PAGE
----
Tuesday, January 25, 2022

Sanction Issue Before Ohio Supreme Court

An oral argument scheduled today before the Ohio Supreme Court

Medina County Bar Association v. Russell A. Buzzelli, Case No. 2021-1233
Medina County

The Board of Professional Conduct recommends a two-year suspension for Wadsworth attorney Russell Buzzelli, concluding that he violated 18 attorney ethics rules.

Buzzelli objects only to the proposed sanction. He asks the Ohio Supreme Court to stay one year of the suspension. The Medina County Bar Association, which submitted the disciplinary complaint against Buzzelli, disagrees. The “extreme nature” of the attorney’s misconduct supports a suspension with no stay to protect the public, the association’s brief maintains.

Because Buzzelli objected to the board’s recommendation, the Supreme Court must hear oral argument in the case.

Client Helps Attorney with Office Work
Buzzelli states that Mary Beth Foster approached him in summer 2017 to represent her in a divorce. Foster began doing work at Buzzelli’s law office, but not as a paid employee, starting in fall 2017 until the late summer of 2018. During part of this time, Buzzelli was estranged from his wife and lived with Foster.

Foster answered the telephone, had an office key, and was in the office with clients. She had access to Buzzelli’s computer, client files, and bank accounts. Buzzelli provided no training or supervision to Foster.

Attorney Threatens Client, Commits Other Misconduct
In September 2018, Foster recorded part of a conversation she and Buzzelli had in his office. The attorney touched Foster against her will – which he referred to in the recording – and threatened to kill her. Buzzelli stated that he wanted to intimidate Foster because she had threatened to murder his wife. However, no evidence to support Buzzelli’s claim was admitted at his disciplinary hearing.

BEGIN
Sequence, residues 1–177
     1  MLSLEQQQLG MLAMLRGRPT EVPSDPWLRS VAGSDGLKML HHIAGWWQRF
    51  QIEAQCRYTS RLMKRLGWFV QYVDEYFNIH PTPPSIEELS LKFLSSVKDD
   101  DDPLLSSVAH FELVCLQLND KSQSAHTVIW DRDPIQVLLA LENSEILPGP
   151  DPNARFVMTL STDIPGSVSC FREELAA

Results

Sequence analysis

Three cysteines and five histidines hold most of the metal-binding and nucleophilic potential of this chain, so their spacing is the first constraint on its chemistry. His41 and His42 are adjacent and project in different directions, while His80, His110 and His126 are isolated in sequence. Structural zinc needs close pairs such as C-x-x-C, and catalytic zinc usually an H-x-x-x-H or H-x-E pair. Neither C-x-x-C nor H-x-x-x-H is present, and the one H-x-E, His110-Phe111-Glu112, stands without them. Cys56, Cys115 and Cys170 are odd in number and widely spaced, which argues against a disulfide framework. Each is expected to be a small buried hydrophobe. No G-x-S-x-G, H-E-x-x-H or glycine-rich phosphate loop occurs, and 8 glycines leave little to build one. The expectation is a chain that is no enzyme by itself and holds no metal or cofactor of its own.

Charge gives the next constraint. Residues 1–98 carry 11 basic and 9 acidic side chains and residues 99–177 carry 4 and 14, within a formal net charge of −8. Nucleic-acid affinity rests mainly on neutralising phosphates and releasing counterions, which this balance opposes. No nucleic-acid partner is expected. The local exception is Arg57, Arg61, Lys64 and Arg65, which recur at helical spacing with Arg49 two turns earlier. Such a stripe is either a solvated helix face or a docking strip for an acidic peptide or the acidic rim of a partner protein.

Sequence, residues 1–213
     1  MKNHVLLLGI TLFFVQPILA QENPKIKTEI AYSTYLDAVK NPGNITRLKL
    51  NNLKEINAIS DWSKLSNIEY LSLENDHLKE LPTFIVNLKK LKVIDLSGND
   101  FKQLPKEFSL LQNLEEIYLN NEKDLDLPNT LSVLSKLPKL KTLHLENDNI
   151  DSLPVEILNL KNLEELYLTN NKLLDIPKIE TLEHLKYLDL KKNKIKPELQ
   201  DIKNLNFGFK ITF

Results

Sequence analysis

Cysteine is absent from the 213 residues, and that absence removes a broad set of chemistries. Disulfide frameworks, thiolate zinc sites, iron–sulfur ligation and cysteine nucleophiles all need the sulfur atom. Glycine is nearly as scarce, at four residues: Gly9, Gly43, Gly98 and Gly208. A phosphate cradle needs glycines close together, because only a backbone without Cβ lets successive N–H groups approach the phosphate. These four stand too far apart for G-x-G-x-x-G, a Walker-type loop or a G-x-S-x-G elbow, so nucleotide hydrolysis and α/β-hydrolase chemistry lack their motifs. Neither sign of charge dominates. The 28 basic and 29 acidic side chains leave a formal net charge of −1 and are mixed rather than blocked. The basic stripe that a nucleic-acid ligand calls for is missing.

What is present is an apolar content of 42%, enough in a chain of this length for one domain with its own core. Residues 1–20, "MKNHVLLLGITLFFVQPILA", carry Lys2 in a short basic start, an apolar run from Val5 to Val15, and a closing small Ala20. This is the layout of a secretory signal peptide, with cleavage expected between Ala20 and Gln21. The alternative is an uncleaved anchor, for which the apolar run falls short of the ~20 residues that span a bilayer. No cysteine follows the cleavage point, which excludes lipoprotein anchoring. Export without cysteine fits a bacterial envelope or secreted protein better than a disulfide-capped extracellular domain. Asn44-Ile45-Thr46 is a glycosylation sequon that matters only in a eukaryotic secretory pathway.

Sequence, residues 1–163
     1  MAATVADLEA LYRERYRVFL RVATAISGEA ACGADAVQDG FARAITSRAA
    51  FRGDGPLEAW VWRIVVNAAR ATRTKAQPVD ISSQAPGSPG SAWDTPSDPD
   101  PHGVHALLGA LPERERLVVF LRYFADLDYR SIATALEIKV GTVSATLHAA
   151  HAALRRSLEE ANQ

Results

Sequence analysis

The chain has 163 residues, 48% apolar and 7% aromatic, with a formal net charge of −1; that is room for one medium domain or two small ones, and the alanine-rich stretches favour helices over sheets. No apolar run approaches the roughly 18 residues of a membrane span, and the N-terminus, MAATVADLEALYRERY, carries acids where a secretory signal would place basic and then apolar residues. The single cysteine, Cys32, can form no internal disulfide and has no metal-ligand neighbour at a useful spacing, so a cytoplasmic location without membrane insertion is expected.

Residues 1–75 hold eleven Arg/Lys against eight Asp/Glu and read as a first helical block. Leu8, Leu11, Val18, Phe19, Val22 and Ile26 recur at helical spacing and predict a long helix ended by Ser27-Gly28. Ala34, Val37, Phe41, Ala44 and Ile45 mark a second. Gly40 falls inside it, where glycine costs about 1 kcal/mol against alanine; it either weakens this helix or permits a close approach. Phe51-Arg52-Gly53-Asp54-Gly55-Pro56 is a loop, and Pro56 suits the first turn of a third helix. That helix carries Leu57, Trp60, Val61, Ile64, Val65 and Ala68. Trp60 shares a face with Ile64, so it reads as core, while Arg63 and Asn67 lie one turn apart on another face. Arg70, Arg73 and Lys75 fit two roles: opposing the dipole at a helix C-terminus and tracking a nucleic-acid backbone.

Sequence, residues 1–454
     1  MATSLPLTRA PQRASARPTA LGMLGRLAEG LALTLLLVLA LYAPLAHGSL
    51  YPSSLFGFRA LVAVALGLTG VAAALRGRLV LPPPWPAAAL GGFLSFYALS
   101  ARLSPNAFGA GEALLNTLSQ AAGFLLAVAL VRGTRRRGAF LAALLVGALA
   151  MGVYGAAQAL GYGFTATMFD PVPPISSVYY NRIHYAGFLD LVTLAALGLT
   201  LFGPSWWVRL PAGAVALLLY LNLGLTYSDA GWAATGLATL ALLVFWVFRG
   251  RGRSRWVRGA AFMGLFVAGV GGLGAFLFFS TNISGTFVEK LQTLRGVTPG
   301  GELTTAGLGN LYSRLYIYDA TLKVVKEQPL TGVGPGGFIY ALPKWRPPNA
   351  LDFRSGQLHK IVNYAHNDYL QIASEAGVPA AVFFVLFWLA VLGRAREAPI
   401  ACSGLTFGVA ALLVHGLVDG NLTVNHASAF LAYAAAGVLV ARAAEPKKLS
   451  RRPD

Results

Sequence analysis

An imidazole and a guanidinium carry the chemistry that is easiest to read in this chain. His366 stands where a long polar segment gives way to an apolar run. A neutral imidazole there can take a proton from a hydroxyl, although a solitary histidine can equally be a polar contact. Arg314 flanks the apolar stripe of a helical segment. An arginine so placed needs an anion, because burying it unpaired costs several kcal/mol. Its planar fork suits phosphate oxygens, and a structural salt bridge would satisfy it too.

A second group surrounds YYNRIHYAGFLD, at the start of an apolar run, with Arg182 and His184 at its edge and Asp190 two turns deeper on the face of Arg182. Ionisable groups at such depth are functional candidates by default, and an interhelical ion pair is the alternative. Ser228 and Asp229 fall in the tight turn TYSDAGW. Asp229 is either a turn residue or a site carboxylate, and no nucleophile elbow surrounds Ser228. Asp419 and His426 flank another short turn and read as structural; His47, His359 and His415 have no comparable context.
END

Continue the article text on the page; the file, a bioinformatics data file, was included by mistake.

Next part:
Buzzelli also acted as his wife’s attorney in filing a request for a civil stalking protection order against Foster. At the final hearing, Buzzelli cross-examined Foster using information he gathered while representing her in her cases.

Among his ethical violations, the professional conduct board found Buzzelli failed to take measures to ensure that Foster’s conduct in his law office abided by ethical rules; committed an illegal act – menacing – by threatening Foster; and used information obtained while representing Foster against her in a later legal matter.

The board also determined that Buzzelli neglected the case of a client who paid a $15,000 retainer to him to handle a divorce and then overcharged her, and that he didn’t act diligently while representing a client in the appeal of a conviction.

Professional Conduct Board Rejects Any Stay of Suspension
The board’s three-member panel that conducted the disciplinary hearing suggested a two-year suspension with six months stayed. However, the full board voted to recommend a two-year suspension with no stay, citing Buzzelli’s violence toward Foster and misrepresentations he made in a federal court filing for Foster.

The board recommends that the attorney pay restitution of $7,869 in the overcharging case within 60 days of the final order, pay the costs of the disciplinary proceedings, and complete six hours of legal education on sexual harassment and employee management.

Attorney Advocates for Partial Stay
Buzzelli states in his objections that he acknowledges his ethical misconduct and accepts the proposed conditions of a suspension. Noting his wife’s ongoing medical conditions, he maintains he and his wife are dependent on his ability to earn an income. He asks the Court to stay one year of his suspension, pointing to other similar disciplinary cases with lesser sanctions and stating he has had no other disciplinary actions in 34 years of practicing law.

Bar Association Argues Full Suspension Necessary
The bar association responds in its brief that Buzzelli “has not learned that his actions undermined his clients and the public.” It supports the board’s proposed sanction and conditions.

 Kathleen Maloney


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